HP Multi-Function Printers - Exposed UART Interfaces



  • Missing Protection Mechanism for Alternate Hardware Interface
  • Severity

  • High
  • Affected products

  • Certain HP LaserJet, HP LaserJet Managed, HP PageWide, and HP PageWide Managed printers
  • Credits

  • The vulnerability was discovered by Alexander Bolshev and Timo Hirvonen.
  • CVE Reference

  • CVE-2021-39237
2021-04-29 F-Secure Consulting discloses the vulnerabilities to HP
2021-05-12 Email from HP with a question about the PoC. F-Secure replies
2021-05-13 Email from HP about our plans on publishing the findings. F-Secure replies
2021-06-14 HP sends F-Secure a fixed firmware for verification
2021-06-16 F-Secure replies with the verification results and some additional questions
2021-06-21 F-Secure shares a draft of this blog post with HP
2021-11-01 HP publishes their Security Bulletins
2021-11-03 F-Secure sends a confidential note to clients urging to patch
2021-11-30 F-Secure advisory and paper published


F-Secure found that HP multi-function printers (MFPs) have unlocked shells on the communications board connectors. A malicious actor with physical access to the device might be able to place a temporary or persistent implant via those interfaces. This would allow them to gain control over the printer software, steal documents that are being scanned or printed, attack other printers using a remote code execution vulnerability in the font parser, or move laterally through the network infrastructure.


F-Secure have discovered exposed UART interfaces that provide unlimited access to the shell within the communication board of HP MFPs. One UART interface on the board provides access to the UEFI shell control, the other one to the root Linux shell of the scanner module. F-Secure found the issue on the HP MFP M725z model but there over 150 affected models. The exploitability of the issue has not, however, been verified by F-Secure in any device other than the M725. The issue has been reported to the vendor and resolved in the latest versions of the firmware.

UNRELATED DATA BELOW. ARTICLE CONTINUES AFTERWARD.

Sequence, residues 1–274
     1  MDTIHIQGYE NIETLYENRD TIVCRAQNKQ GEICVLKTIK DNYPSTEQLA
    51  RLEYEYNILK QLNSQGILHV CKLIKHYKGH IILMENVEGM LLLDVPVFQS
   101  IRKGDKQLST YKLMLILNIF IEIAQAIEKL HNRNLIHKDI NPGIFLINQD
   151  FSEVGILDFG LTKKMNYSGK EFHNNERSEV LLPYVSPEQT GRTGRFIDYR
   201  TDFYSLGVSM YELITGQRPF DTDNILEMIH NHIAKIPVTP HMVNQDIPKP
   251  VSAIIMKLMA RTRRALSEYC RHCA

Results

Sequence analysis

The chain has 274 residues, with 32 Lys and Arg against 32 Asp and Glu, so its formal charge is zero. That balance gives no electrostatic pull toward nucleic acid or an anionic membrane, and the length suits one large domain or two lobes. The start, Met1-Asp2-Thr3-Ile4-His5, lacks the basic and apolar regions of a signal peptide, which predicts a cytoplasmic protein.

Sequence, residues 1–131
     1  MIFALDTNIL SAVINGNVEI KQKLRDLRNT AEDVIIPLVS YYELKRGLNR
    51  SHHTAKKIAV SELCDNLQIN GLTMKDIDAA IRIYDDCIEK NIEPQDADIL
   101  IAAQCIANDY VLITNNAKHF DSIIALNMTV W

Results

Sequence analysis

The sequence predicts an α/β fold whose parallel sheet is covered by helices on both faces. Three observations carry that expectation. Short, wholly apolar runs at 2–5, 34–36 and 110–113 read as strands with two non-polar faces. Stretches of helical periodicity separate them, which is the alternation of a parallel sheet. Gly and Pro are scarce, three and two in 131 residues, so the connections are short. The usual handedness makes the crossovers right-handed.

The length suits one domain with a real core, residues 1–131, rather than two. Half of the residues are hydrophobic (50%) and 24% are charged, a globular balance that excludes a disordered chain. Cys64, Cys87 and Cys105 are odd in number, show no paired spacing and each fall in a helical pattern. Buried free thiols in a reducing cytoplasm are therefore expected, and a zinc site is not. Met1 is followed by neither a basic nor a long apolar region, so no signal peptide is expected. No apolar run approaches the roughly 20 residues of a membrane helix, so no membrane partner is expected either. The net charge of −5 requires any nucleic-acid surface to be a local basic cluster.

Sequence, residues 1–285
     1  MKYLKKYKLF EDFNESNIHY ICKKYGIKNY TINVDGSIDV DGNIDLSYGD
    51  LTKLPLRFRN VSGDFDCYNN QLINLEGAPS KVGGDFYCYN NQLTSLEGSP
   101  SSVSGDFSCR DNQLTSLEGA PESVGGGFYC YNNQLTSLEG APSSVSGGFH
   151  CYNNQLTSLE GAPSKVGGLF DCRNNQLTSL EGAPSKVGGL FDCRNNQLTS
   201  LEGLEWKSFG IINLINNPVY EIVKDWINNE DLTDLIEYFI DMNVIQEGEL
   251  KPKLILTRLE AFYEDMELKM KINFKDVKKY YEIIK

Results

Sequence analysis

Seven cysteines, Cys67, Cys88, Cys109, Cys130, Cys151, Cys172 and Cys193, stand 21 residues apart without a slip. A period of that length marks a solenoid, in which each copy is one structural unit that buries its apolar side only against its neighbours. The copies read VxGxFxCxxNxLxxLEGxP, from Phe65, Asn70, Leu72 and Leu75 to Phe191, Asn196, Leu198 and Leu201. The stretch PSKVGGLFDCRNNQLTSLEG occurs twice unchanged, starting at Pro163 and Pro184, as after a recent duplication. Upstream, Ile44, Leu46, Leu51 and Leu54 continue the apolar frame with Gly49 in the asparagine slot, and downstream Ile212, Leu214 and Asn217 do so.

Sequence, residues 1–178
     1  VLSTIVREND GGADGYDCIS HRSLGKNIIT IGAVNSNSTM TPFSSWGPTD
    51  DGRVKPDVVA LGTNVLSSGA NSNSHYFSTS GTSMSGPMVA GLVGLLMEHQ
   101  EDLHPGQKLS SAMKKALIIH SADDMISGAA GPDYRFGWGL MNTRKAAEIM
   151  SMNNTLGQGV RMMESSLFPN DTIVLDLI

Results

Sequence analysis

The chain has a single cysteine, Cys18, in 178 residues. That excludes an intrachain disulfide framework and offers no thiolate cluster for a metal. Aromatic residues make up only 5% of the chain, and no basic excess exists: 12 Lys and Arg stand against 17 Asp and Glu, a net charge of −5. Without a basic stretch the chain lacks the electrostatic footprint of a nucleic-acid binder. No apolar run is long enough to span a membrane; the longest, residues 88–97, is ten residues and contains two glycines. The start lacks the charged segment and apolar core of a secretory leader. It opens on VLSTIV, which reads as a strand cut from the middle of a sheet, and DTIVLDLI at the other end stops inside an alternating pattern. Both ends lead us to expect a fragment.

For a more detailed technical description of the vulnerability, please see the detailed write-up.


Malicious actors with physical access to the device are able to dump and tamper with all data that is stored on the system and user partitions of the device. It should be noted that the relevant connectors are large and easy to connect to, which greatly reduces the time and accuracy required for an attacker to connect the wires. The whole procedure of removing the connector board, connecting wires, booting the printer, installing a persistent / in-memory implant, and then removing the wires can take less than five minutes, increasing the risk of someone using this attack. Successful exploitation of the issue gives the attacker full control over the device.

The impact includes but is not limited to:

  • Temporary and/or persistent software implant
  • Access to documents that are being scanned and printed
  • Network pivoting
  • Access to credentials stored on the device for, e.g., LDAP integration or network access


Unfortunately, the only possible mitigation is to prevent physical access to the device. Reactive measures (such as CCTV monitoring or sealing communication board slots) are also possible and may help detect when a malicious actor is tampering with the device.


F-Secure strongly encourages installing the firmware update. The list of affected HP MFP models and the instructions for obtaining the updated firmware can be found in HP's security bulletin.